Business & Finance

WorldCom won a federal bankruptcy court's OK to pay $36 million in promised severance to more than 4,000 laid-off workers and to rescind $1.4 million in such payments that had been pledged to 19 former executives. Instead, all are to receive the same layoff package: up to 26 weeks of salary and benefits. Since its record bankruptcy filing in July, the telecommunications giant has announced plans to cut 17,000 jobs. A lawyer for the company said its plan would help restore morale among remaining workers.

Global Crossing's chairman pledged $25 million to employees who lost their retirement savings when the fiber-optic carrier's stock plunged prior to its bankruptcy filing last January. Gary Winnick made the offer while testifying before a House subcommittee. He also testified that he hadn't learned the company was in financial trouble until after he sold $123 million in stock in May 2001.

Electronic Data Systems (EDS) has become the target of an informal inquiry by the Securities and Exchange Commission, it acknowledged Tuesday. Federal regulators are looking into the computer-services company's $225 million purchase of forward contracts related to employee stock options, which led it to issue a third-quarter profit warning Sept. 18. EDS is based in Plano, Texas.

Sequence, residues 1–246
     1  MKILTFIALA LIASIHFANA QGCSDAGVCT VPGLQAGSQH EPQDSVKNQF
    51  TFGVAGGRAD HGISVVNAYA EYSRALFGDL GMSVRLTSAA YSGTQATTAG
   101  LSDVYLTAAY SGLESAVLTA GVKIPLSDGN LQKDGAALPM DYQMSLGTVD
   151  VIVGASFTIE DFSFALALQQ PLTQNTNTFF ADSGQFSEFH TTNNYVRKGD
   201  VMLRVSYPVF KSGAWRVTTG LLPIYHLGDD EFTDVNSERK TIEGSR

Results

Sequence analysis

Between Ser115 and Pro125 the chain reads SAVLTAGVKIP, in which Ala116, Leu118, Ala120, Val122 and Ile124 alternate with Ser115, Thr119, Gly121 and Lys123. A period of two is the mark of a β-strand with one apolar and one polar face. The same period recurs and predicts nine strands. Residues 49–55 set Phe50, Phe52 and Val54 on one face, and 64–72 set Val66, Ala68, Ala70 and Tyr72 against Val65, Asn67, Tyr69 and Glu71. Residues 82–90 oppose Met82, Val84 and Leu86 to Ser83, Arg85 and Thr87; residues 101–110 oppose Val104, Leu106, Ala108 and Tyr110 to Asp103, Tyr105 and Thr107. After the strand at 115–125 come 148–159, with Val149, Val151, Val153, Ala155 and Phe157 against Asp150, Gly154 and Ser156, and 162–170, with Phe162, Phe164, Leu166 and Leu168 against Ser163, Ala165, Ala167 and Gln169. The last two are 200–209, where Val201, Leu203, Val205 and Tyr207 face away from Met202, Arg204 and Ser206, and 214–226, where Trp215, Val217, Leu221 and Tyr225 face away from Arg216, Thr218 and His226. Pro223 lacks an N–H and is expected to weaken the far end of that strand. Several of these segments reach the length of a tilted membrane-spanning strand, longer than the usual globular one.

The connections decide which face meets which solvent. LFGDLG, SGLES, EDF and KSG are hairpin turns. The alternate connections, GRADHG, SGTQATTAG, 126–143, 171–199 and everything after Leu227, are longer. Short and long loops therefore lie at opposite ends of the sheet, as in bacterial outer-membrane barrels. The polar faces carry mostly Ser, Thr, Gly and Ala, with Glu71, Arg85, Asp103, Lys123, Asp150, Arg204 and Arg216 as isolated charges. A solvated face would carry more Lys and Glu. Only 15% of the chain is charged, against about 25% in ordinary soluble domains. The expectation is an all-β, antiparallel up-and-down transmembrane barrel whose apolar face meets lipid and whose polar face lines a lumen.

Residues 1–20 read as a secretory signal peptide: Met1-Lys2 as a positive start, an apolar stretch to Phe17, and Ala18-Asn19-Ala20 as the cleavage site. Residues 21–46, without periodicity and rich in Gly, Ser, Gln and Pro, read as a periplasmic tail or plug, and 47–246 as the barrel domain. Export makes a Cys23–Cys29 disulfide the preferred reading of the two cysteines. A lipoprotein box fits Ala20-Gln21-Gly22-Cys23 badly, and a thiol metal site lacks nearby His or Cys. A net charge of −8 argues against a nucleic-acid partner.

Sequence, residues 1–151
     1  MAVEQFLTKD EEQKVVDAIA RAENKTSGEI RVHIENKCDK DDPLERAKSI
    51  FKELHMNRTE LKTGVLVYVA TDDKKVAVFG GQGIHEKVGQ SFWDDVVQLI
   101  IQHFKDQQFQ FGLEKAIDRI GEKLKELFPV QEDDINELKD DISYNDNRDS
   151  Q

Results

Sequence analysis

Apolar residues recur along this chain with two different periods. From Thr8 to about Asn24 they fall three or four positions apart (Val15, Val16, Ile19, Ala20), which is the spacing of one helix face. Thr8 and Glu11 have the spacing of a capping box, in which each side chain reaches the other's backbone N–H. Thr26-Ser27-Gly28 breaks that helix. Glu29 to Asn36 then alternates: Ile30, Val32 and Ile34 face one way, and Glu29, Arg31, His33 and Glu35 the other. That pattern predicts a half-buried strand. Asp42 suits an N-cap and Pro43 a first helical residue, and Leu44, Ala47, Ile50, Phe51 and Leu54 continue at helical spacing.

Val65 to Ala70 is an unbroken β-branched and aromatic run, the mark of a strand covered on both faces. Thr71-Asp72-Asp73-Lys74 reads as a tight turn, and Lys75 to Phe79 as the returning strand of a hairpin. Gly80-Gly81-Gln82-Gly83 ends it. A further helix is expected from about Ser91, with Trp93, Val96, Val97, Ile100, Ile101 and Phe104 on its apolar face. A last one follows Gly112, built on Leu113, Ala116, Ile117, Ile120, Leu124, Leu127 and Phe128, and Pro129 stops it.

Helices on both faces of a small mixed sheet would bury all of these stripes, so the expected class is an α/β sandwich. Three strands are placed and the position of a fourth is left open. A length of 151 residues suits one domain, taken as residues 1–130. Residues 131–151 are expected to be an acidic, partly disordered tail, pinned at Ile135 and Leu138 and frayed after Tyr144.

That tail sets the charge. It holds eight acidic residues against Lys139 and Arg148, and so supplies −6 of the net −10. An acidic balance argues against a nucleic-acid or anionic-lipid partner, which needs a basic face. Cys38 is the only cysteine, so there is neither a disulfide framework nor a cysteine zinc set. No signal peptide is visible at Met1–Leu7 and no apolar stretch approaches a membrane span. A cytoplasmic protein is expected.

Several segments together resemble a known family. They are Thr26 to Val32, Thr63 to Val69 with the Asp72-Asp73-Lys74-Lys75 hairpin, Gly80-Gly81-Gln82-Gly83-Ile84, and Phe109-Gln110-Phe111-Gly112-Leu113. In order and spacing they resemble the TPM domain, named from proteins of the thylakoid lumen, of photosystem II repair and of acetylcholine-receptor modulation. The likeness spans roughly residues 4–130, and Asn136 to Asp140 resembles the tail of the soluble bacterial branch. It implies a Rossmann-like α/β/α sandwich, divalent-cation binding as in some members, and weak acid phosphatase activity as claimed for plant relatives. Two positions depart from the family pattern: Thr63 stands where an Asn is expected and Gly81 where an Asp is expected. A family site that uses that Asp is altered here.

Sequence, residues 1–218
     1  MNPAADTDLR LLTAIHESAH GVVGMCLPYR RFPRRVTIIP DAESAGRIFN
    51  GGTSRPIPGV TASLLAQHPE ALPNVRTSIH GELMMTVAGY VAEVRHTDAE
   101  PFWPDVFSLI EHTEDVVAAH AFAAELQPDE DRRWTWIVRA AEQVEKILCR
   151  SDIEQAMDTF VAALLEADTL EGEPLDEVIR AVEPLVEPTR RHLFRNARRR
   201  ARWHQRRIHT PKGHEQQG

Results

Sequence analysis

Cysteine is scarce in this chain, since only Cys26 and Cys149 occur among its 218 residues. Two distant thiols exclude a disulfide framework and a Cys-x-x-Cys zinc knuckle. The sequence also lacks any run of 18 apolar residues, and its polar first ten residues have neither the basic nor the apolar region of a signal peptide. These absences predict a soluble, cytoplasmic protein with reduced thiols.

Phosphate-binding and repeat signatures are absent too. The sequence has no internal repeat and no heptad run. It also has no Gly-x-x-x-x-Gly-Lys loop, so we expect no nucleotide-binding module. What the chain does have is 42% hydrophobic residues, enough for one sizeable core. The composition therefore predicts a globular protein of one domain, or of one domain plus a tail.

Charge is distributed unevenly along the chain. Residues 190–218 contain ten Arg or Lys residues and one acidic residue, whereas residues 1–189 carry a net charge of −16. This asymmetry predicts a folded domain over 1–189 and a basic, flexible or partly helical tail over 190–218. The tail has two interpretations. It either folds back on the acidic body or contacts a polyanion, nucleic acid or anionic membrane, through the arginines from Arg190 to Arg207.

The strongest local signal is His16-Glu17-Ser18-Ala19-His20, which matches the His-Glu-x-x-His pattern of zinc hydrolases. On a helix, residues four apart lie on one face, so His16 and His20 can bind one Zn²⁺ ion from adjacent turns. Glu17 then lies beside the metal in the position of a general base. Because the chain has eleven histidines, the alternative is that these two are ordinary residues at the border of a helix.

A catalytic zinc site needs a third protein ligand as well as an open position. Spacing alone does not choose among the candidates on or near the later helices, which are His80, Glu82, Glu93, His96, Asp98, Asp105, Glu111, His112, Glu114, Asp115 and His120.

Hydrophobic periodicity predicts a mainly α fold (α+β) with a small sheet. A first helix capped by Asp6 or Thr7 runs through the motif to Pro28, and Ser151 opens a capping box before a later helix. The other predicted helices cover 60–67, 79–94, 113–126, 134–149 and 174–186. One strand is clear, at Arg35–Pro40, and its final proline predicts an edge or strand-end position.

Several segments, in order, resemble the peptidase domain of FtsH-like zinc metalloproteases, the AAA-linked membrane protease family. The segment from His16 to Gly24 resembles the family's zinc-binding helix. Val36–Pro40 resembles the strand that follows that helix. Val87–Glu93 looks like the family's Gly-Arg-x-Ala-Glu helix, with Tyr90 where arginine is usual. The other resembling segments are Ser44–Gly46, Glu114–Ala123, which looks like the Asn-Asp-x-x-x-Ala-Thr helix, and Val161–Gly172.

Only General Motors failed to report a jump in new-car and -truck sales among the Big Three automakers last month, despite industry-wide, incentive-laden packages such as rebates and zero-percent financing. But senior GM executives said they expected "some weakening" in September sales after strong performances in July and August. The world's largest automaker said sales fell in September by 12.7 percent, while those of DaimlerChrysler and Ford rose 18 percent and 1.5 percent, respectively, over the same month a year ago.

Hutchison Whampoa Ltd., the conglomerate based in Hong Kong, joined the growing list of high-profile companies calling off major bond issues. A spokesman said no new target date for its $1.5 billion offer would be set "until markets stabilize." Hutchison Whampoa, whose business interests include seaport operations, shipping, telecommunications, manufacturing, food processing and distribution, retailing, and real estate, wanted to use the proceeds of the bond issue to help refinance its debt.

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